Source: J.P. Morgan. Emerging markets U.S. dollar-denominated sovereign bonds represented by J.P. Morgan EMBI Global Bond Index; emerging markets local currency sovereign bonds represented by J.P. Morgan GBI-EM Broad Index. Data as of December 31, 2020.

2. Local currency bonds provide U.S. dollar diversification


Emerging markets currencies allow investors to diversify their U.S. dollar exposure within a broader portfolio. Moreover, diversified allocations to these currencies can provide an opportunity to benefit from potentially stronger global economic growth, which has historically coincided with appreciation in their value relative to the U.S. dollar.


Emerging markets currencies can provide U.S. dollar diversification

Line graph reflecting the foreign exchange price of the U.S. dollar, represented by the Bloomberg Dollar Spot Index, and a basket of emerging markets currencies, as represented by the J.P. Morgan Emerging Local Markets Index Plus from 2004 to March 31, 2021. There is a demonstrated track record that reflects the diversification opportunity emerging markets currencies can offer to a U.S. dollar-denominated portfolio. Sources: Bloomberg, J.P. Morgan.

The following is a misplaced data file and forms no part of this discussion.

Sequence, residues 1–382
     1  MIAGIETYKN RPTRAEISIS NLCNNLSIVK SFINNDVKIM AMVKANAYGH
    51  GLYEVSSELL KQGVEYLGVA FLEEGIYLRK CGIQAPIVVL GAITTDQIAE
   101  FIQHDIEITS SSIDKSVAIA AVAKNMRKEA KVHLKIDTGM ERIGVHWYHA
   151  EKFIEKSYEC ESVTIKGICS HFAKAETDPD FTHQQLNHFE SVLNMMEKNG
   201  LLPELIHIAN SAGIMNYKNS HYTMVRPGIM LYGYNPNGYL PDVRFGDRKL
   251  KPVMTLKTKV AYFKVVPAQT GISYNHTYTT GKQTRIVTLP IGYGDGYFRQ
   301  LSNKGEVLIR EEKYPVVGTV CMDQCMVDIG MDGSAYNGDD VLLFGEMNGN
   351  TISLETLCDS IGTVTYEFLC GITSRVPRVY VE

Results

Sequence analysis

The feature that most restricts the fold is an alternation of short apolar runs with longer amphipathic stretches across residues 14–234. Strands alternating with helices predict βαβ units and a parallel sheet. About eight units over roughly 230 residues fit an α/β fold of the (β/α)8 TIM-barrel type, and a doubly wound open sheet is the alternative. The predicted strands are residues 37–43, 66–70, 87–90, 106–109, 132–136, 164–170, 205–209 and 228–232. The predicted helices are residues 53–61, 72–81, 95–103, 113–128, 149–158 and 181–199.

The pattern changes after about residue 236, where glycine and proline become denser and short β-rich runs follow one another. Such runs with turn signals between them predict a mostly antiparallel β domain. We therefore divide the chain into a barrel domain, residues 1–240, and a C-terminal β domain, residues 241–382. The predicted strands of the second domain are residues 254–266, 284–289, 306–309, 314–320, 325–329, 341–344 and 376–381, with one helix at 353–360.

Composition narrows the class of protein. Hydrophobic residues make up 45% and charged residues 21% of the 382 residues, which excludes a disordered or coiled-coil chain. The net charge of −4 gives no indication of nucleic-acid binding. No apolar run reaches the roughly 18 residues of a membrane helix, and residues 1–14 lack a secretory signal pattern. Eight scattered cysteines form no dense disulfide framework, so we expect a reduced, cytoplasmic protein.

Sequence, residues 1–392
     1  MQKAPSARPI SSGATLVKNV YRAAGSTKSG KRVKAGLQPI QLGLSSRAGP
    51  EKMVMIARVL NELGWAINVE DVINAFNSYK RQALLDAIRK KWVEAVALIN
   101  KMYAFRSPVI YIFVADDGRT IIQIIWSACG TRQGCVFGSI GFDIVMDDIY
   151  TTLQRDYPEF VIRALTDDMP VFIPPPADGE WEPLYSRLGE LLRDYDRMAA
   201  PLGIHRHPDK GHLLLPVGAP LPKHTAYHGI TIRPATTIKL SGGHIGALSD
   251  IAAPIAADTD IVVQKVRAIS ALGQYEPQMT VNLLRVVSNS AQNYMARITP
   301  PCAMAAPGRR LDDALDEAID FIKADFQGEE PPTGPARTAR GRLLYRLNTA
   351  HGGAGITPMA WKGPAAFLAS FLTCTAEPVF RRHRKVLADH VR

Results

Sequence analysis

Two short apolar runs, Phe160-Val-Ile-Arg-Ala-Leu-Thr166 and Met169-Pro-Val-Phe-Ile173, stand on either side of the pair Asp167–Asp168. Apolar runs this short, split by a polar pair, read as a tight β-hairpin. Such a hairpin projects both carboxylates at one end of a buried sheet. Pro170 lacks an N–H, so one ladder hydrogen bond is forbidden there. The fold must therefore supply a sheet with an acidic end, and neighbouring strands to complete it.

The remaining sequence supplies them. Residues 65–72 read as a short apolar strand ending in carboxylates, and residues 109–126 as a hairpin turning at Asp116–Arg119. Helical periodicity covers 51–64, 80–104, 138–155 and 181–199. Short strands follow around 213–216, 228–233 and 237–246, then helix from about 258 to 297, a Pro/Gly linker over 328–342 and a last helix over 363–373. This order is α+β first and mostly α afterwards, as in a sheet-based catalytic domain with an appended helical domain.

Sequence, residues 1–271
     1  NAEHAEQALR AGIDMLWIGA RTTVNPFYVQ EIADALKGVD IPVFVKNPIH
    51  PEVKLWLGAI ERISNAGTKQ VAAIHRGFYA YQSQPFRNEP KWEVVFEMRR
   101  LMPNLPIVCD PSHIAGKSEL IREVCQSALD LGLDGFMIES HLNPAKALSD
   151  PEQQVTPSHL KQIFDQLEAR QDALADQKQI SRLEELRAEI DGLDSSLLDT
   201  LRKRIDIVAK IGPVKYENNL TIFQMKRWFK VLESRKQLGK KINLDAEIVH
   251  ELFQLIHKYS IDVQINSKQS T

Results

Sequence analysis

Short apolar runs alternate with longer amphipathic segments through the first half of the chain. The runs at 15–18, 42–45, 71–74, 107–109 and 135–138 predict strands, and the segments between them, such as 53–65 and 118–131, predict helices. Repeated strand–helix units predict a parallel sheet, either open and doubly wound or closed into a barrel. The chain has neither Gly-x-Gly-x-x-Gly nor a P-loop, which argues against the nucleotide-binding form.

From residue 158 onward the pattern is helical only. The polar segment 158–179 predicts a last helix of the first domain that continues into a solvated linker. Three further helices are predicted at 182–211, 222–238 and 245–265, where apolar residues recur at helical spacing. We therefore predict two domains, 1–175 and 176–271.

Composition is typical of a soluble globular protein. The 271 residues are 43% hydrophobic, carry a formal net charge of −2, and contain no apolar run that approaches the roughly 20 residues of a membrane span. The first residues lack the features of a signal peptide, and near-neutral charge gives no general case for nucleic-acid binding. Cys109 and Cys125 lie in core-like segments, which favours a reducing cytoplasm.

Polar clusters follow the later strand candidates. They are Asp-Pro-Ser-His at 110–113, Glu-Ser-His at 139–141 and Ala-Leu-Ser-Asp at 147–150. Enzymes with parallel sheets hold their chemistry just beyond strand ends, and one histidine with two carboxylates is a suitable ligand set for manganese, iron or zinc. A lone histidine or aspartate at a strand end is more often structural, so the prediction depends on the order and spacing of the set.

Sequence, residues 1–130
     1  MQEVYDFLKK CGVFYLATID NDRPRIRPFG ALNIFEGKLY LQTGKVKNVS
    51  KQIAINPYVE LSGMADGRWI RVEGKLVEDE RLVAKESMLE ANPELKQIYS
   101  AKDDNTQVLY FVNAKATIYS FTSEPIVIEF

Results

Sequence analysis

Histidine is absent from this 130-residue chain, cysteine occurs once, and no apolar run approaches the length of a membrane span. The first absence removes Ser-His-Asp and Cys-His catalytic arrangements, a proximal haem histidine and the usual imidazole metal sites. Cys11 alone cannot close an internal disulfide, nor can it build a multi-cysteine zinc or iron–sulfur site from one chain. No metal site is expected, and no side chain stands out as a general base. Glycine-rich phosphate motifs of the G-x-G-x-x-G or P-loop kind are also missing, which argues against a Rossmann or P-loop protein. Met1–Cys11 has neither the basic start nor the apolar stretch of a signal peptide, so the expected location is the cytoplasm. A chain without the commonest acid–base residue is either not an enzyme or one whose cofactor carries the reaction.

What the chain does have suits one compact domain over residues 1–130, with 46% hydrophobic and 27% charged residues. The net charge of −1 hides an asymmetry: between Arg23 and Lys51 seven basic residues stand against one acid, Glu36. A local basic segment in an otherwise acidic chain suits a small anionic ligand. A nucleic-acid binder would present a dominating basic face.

Sources: Bloomberg, J.P. Morgan. U.S. dollar FX is represented by the Bloomberg Dollar Spot Index; emerging markets FX is represented by the J.P. Morgan Emerging Local Markets Index Plus. Data as of March 31, 2021.

3. Emerging markets local currency bonds can provide a high level of current income


Emerging markets local currency debt has at times provided a higher yield than its U.S. dollar-denominated counterpart. Both have provided a meaningful pickup in yield over U.S. core bonds. A recovery in global economic growth could be supportive of the asset class and may benefit emerging markets currencies in particular over the longer term.


Emerging markets local currency and U.S. dollar bonds have provided a meaningful pickup in yield over U.S. core bonds